Students Staff

08 August 2013

Australian High Commissioner discovers Marks Hall history

Australian High Commissioner with Professor James Raven

His Excellency The Hon Mike Rann and his wife Sasha Carruozzo with Professor James Raven at Marks Hall

Australian High Commissioner His Excellency The Hon Mike Rann visited Marks Hall near Coggeshall to discover more about a section of the estate devoted to species from the Southern Hemisphere and a research project led by the Department of History at the University of Essex.

During a tour of the estate the former Premier of South Australia planted a Wollemi Pine in the Gondwanaland section of the estate’s gardens and discussed the history of Marks Hall with Professor James Raven.

Professor Raven is a Marks Hall trustee who is also leading a major research project funded by the Economic and Social Research Council which is piecing together its past. As part of the research project an archaeological dig is being undertaken at the site which Mr Rann was able to visit.

With the Gondwanaland section the Marks Hall estate has devoted a little corner of Essex to the plants of Australia, New Zealand and other countries in the Southern Hemisphere and the visit by Australian High Commissioner offered a chance to celebrate those links with Down Under.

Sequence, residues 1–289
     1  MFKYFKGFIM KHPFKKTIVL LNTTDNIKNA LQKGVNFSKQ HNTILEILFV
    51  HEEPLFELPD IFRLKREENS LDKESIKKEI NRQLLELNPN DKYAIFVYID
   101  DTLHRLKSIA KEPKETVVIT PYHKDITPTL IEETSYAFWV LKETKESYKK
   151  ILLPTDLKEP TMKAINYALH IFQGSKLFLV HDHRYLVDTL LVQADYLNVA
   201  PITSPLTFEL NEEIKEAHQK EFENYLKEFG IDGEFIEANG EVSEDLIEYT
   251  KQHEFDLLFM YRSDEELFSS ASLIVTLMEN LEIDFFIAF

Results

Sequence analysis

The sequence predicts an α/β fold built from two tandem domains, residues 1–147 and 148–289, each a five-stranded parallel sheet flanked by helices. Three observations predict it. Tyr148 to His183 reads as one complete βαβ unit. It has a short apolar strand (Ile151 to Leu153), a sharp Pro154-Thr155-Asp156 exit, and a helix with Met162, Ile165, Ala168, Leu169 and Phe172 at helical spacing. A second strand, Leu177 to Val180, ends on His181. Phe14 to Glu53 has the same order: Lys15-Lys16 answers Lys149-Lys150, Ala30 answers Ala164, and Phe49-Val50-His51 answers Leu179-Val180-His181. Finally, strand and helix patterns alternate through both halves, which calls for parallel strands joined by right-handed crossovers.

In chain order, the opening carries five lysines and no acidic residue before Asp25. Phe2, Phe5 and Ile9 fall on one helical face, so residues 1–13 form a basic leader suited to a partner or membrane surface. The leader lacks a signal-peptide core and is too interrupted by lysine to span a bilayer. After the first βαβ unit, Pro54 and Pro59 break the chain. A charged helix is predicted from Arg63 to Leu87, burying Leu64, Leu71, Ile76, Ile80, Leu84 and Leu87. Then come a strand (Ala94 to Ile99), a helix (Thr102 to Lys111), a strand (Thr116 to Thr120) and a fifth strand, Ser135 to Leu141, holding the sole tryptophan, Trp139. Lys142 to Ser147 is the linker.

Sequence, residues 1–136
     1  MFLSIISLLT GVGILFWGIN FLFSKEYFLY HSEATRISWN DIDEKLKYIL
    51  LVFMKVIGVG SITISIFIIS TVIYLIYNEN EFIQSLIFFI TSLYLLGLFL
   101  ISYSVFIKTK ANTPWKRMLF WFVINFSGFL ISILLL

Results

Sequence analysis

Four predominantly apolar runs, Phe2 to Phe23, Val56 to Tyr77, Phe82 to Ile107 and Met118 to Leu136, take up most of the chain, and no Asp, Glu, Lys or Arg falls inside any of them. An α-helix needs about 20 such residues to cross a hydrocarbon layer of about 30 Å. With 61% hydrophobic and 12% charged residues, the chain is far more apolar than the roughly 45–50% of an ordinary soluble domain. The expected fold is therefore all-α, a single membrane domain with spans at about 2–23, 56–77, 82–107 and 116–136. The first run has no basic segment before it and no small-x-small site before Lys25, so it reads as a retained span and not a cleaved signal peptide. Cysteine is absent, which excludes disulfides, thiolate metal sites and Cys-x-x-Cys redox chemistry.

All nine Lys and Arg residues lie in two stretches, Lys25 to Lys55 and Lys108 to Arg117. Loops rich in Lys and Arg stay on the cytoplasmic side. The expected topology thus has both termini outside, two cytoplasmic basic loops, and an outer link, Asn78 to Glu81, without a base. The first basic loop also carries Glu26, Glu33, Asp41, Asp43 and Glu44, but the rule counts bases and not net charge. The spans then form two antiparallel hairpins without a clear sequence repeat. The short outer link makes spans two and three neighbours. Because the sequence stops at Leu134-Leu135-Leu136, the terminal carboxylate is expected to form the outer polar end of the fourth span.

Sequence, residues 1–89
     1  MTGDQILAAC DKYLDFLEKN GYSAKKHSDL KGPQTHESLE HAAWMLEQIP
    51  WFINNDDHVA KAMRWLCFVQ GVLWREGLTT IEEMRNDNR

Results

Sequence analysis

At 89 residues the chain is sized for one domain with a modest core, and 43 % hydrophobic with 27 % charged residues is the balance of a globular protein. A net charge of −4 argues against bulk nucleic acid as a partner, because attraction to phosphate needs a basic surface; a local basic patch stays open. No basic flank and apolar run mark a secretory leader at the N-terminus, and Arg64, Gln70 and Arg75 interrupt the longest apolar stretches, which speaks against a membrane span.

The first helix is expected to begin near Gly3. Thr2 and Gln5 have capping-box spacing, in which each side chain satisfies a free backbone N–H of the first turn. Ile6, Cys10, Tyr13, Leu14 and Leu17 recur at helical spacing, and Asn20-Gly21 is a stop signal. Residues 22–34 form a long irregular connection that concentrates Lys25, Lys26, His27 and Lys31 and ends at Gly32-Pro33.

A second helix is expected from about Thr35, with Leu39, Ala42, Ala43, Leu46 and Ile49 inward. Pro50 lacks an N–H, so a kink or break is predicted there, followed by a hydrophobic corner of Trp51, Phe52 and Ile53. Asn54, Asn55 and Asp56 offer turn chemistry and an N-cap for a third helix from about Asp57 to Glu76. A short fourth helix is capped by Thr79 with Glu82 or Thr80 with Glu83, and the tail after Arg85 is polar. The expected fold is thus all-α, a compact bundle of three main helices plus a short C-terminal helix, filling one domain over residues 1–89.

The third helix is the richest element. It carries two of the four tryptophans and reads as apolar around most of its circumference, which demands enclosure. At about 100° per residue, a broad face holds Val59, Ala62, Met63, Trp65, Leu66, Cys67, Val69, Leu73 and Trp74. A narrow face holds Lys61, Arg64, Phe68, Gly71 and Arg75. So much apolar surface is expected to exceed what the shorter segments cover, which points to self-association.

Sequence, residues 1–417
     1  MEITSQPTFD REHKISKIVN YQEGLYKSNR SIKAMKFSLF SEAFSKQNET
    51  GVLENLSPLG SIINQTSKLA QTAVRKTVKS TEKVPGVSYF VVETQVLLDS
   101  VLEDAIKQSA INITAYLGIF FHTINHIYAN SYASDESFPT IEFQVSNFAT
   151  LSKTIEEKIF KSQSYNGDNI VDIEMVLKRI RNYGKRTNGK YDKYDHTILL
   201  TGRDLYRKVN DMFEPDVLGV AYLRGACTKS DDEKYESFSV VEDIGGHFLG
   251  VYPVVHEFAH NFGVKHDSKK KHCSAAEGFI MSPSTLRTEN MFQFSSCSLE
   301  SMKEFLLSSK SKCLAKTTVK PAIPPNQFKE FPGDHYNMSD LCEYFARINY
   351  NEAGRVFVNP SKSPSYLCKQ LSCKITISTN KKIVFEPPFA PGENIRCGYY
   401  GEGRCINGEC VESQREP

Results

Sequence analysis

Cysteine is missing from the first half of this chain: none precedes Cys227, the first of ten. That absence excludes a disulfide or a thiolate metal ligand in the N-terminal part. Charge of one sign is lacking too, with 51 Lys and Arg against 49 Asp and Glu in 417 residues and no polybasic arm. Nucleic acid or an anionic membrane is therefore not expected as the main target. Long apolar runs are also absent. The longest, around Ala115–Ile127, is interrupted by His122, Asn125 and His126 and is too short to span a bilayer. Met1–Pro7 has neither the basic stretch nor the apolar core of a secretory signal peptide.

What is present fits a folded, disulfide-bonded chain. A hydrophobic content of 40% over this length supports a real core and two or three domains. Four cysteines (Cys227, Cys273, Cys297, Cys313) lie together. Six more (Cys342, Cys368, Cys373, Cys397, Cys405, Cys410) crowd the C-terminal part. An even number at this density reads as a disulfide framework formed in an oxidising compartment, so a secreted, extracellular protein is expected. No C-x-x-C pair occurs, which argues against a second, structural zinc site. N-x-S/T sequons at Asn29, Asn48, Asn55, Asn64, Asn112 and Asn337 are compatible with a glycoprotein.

Australian High Commissioner plants Wollemi pine

His Excellency The Hon Mike Rann plants a Wollemi pine in Gondwanaland at Marks Hall assisted by Senior Arborist Ian Chandler watched by trustees and guests

General manager Rebecca Lee said: “The Trustees and staff at Marks Hall were delighted to welcome Mr Rann to the Estate. The Wollemi pine planted in Gondwanaland is our 73rd of the planned 100 Wollemi which will eventually complete the Southern Hemisphere section of the Arboretum. ”

Gondwanaland is situated in an area that was devastated by the 1987 hurricane and has therefore been cleared of the conifer crop. Wollemi Pine (Wollemia nobilis) are an important feature.

With less than 100 trees known to exist in the wild it is now the focus of extensive research to safeguard its survival. Sheltered on the western edge by the planting of Nothofagus (southern beech), 200 Eucalyptus trees have also been planted so on warm days the oil aroma provides a heady scent. In addition to the Wollemi Pine, there is also an experimental planting of Cordyline australis, the Cabbage Palm, Agapanthus and Cortaderia richardii New Zealand Pampas.

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